Ewan and Callum Merrett, the cheeky chappies behind R&B-indie darlings Bad Sounds, have officially Made It. After years in the hand-to-mouth singles-and-EPs game, they’ve finally brought their full-length debut album to the world. It’s been a wild ride up to this point: during their transformation from music school project to major going concern, Bad Sounds have turned out some of the tastiest new jams around, an exuberant mix of hip-hop-inflected funk and chirpy riffs that’s won them repeat coverage on the Beeb and in the indie press, and a growing legion of Soundz fans.
With Get Better they’re broadening that appeal, making the jump from pop fun to a more sensitive art. The title is a nod to the theme of anxiety that pervades the album’s lyrics (more on that later), but it’s also an apt description of the band’s progress as songwriters. ‘Wages’ and ‘Avalanche’, the golden oldies that open side one, are delightful and bright, but a bit formulaic – there’s plenty of Oasis, Peace and Dandy Warhols peeking out between the cracks. It feels fun, but not very original.
Skip on to ‘Couldn’t Give It Away’, though, and suddenly the game’s changed – mournful phased strings swirl you down into the main groove, and Ewan croons his message of hurt over a perfectly balanced organ wave. When the chorus explodes out of the mix, its familiar pop/rock tropes are lifted by the artful production of strings and backing vocals, a powerful mix of shout-along lyrics and soaring orchestration. It’s grown-up and sonically muscular, with the conviction of seminal works like ‘What’s Going On’ and the chops to match.
Moving further into the track list, songs like ‘How Are You Gonna Lose’ and ‘Honestly’ are beautiful, sunny slices of R&B, but blessed again by the Merretts’ inventive touch. The former sports some seriously soulful falsetto vox, while the latter rides along on a classic Sounds tongue-in-cheek Sarf Landan rap (‘I swear on an inuit that I came round to it!’). The little details add up to an accomplished whole that rewards multiple listens.
What’s more, like most of the album, they may be happy-sounding tunes, but they come from a place of confusion and angst. ‘How’ opens with the desperate, quiet request ‘please explain why you find it so hard to enjoy the day’, and ‘Honestly’ gets its title from the yearning words ‘I can care enough, be there, honestly…’. Elsewhere, ‘Evil Powers’, which came with a bonkers, hammy horror video, deplores the quick-fix quackery that those with poor mental health often encounter. There’s a kind of determined optimism about the madcap laughs in these songs – a sense that the Merrett brothers are giggling for fear of what might otherwise fill the silence.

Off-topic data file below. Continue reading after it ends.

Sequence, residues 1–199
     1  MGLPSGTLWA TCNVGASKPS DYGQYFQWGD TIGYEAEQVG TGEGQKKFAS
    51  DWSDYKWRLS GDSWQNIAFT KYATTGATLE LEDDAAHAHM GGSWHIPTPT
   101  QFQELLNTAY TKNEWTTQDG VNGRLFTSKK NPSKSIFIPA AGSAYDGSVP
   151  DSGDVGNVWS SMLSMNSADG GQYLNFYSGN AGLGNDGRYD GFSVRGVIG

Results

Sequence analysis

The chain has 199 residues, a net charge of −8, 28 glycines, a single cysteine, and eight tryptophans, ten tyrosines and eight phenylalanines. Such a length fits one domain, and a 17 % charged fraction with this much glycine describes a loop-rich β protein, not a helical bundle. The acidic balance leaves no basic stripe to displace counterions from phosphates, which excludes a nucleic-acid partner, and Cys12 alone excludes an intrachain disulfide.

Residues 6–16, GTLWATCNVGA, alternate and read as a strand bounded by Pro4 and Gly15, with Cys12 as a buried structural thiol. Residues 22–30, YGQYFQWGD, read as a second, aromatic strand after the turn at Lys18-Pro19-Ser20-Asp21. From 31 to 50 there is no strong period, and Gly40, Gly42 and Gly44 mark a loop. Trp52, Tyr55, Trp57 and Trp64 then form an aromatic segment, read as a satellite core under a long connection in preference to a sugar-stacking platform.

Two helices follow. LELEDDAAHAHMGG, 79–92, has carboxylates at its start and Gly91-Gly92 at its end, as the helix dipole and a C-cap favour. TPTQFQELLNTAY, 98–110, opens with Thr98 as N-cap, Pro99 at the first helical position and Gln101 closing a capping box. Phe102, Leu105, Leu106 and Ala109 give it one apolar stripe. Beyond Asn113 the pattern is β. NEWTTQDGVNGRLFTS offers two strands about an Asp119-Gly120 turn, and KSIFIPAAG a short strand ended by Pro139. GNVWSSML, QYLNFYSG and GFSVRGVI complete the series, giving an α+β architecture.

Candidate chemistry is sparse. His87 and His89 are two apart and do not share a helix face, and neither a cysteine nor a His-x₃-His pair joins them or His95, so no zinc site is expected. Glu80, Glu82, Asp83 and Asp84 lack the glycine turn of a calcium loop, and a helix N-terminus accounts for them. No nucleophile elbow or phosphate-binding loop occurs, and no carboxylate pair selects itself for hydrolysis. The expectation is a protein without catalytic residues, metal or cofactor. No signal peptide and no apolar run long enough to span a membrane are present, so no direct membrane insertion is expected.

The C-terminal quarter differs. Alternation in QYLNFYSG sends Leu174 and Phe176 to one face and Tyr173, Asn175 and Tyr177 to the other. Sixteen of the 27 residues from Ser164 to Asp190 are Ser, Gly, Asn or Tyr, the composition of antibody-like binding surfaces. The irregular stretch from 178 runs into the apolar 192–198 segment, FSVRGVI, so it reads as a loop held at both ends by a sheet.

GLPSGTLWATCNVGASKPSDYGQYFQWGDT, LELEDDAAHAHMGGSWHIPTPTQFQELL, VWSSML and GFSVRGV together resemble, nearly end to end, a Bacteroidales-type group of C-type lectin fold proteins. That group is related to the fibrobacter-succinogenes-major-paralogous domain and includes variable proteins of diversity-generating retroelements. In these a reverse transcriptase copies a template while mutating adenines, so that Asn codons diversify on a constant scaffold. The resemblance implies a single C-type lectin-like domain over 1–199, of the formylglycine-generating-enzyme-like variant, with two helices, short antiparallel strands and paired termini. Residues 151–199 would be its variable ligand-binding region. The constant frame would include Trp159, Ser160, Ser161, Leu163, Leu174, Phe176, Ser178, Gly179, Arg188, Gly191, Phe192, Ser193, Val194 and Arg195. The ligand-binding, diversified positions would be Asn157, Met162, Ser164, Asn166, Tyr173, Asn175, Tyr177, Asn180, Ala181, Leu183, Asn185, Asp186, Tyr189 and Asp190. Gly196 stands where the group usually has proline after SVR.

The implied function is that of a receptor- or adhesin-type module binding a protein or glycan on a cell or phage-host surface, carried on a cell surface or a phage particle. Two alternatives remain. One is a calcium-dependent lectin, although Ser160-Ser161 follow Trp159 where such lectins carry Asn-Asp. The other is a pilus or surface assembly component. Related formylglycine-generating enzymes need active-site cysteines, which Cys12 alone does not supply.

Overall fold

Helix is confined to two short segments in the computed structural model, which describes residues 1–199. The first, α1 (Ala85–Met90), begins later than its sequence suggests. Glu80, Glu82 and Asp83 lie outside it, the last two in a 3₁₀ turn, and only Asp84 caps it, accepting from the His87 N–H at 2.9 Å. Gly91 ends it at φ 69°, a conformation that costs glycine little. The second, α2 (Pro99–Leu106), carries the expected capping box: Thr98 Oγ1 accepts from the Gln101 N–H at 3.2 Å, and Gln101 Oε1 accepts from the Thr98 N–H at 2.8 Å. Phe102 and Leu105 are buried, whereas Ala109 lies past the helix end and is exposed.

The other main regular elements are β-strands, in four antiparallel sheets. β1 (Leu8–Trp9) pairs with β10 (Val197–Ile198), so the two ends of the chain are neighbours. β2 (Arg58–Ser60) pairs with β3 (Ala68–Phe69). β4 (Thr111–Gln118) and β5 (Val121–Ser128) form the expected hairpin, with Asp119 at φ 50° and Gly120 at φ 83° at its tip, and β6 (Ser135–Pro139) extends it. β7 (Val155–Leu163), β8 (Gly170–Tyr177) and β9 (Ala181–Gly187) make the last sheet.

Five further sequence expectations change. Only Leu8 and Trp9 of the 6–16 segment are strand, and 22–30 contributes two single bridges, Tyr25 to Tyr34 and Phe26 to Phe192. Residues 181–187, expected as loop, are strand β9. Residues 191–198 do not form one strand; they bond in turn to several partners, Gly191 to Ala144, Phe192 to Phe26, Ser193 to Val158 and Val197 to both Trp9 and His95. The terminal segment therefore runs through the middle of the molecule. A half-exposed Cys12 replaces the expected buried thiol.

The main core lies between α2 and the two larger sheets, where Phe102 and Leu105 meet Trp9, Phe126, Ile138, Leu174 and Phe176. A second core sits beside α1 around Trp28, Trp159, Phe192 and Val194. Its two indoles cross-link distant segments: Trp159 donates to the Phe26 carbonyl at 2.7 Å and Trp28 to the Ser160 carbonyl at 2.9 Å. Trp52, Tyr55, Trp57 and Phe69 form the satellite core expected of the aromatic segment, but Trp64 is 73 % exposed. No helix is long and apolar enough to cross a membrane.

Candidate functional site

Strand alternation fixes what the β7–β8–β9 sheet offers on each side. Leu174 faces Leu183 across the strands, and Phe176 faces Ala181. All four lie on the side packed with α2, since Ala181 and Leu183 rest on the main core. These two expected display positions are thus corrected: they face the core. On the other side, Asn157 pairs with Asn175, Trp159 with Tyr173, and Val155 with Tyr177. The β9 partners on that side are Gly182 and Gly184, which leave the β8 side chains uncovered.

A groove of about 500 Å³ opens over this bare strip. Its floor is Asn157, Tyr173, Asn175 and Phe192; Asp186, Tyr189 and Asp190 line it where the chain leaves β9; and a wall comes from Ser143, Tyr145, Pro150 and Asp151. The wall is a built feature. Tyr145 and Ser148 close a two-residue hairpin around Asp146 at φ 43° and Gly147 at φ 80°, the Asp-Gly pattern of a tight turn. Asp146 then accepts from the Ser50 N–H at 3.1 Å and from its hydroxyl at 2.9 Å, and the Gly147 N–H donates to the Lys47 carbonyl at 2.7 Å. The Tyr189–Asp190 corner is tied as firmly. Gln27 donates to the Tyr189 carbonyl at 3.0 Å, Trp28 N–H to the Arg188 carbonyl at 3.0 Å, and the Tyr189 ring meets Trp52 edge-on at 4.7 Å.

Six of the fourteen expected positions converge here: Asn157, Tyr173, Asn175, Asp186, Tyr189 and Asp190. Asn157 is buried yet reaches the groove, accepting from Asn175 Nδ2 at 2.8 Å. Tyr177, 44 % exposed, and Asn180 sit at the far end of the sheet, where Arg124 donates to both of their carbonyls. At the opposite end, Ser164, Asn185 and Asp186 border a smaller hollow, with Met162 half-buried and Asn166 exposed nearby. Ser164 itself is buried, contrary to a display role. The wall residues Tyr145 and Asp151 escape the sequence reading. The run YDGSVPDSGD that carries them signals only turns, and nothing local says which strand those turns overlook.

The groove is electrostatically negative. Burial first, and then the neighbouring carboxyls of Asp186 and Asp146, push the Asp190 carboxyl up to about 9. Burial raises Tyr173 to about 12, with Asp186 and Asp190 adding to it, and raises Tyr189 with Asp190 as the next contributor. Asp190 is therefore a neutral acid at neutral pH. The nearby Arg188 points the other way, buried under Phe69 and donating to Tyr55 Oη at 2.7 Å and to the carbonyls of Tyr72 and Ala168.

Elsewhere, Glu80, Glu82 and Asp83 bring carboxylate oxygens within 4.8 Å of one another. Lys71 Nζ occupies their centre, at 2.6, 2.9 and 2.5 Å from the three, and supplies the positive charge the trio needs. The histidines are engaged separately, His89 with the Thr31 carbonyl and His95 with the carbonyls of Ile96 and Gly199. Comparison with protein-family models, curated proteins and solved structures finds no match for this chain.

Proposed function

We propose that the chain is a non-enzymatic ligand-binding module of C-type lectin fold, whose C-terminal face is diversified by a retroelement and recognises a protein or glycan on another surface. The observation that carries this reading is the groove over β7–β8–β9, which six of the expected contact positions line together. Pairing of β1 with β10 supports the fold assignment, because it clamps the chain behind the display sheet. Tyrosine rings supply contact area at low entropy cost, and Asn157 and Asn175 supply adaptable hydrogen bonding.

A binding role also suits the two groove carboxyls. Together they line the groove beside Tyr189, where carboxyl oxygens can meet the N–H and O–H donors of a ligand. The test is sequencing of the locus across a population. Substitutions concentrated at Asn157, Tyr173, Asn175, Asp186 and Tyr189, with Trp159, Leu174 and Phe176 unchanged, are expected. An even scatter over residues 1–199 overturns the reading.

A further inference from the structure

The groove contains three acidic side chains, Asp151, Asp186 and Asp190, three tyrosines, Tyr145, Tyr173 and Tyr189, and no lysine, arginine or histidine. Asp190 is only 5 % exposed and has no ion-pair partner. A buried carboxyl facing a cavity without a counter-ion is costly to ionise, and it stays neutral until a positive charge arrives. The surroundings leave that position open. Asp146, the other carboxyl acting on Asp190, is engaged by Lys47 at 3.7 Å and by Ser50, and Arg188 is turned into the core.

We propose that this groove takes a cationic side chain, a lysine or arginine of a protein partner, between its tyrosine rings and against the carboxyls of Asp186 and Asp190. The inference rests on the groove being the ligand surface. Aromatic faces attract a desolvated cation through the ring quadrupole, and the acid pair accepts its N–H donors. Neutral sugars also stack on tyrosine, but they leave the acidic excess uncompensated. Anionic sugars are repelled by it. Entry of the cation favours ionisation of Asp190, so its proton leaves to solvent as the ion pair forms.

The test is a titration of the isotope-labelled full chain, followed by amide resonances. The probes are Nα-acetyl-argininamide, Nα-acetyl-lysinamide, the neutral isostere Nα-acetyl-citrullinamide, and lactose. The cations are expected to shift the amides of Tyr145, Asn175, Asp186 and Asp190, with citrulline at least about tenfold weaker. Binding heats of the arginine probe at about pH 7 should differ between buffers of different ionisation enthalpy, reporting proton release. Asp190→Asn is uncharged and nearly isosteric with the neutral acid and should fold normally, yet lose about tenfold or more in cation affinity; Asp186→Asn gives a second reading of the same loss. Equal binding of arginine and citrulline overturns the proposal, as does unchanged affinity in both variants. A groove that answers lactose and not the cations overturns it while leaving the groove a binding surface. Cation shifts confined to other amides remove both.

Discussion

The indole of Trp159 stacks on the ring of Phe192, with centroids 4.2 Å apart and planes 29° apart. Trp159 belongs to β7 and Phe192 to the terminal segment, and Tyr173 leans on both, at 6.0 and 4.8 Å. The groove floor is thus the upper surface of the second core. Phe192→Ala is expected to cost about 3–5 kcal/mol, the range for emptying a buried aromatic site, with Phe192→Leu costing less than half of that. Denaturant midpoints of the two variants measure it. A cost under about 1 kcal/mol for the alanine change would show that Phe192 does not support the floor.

That tension is felt most keenly in the dichotomy between the optimism of the opening theme (‘we’d like to take this time to invite you to get better. Take a deep breath, stop what you’re doing and get better’) and ‘Avalanche’’s downbeat but oh-so-catchy refrain: ‘try as I might, I’m losing the fight to get better’. What seems at first glance to be a collection of fluffy pop bangers on closer inspection turns out to be a poignant reflection on the mental tangle of anxiety and depression.
The struggle to improve – mental patient, heal thyself – is neatly represented in the juxtaposition of glee and frustration on Get Better. Wrestling with your own brain can be crushing – the pressure to be happy is a heavy weight. But happiness doesn’t lose its potency even so. The Sounds acknowledge the darkness so many of their generation seem to have inherited, but make the conscious effort to face it with joyful abandon. You can be anxious and excited about life in the same head. You can worry about being ‘a killer’ while enjoying a buoyant beat.
An essential ‘debut’ from one of the decade’s best new acts. Jump on board and join the fun.